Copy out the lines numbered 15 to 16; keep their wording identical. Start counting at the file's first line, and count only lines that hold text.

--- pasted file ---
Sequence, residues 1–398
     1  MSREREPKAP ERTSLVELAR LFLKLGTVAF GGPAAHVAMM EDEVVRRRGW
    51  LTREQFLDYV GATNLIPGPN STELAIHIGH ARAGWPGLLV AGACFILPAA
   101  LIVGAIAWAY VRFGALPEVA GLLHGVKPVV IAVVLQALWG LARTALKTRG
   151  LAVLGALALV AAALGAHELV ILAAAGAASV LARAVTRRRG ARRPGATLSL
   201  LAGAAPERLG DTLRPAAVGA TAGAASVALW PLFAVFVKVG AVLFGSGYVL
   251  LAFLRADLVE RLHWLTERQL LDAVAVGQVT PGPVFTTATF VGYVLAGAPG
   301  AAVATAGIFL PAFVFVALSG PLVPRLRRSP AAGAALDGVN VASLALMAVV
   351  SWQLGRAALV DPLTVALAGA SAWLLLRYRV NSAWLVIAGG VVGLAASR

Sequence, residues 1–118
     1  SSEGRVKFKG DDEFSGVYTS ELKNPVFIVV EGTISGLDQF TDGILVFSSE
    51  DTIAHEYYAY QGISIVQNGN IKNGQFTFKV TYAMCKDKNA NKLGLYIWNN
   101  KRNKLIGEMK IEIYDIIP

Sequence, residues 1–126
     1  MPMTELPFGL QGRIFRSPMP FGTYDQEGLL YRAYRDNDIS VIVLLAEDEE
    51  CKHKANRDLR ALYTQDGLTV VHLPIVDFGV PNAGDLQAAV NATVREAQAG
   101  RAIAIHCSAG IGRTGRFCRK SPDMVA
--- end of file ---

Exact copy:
     1  MPMTELPFGL QGRIFRSPMP FGTYDQEGLL YRAYRDNDIS VIVLLAEDEE
    51  CKHKANRDLR ALYTQDGLTV VHLPIVDFGV PNAGDLQAAV NATVREAQAG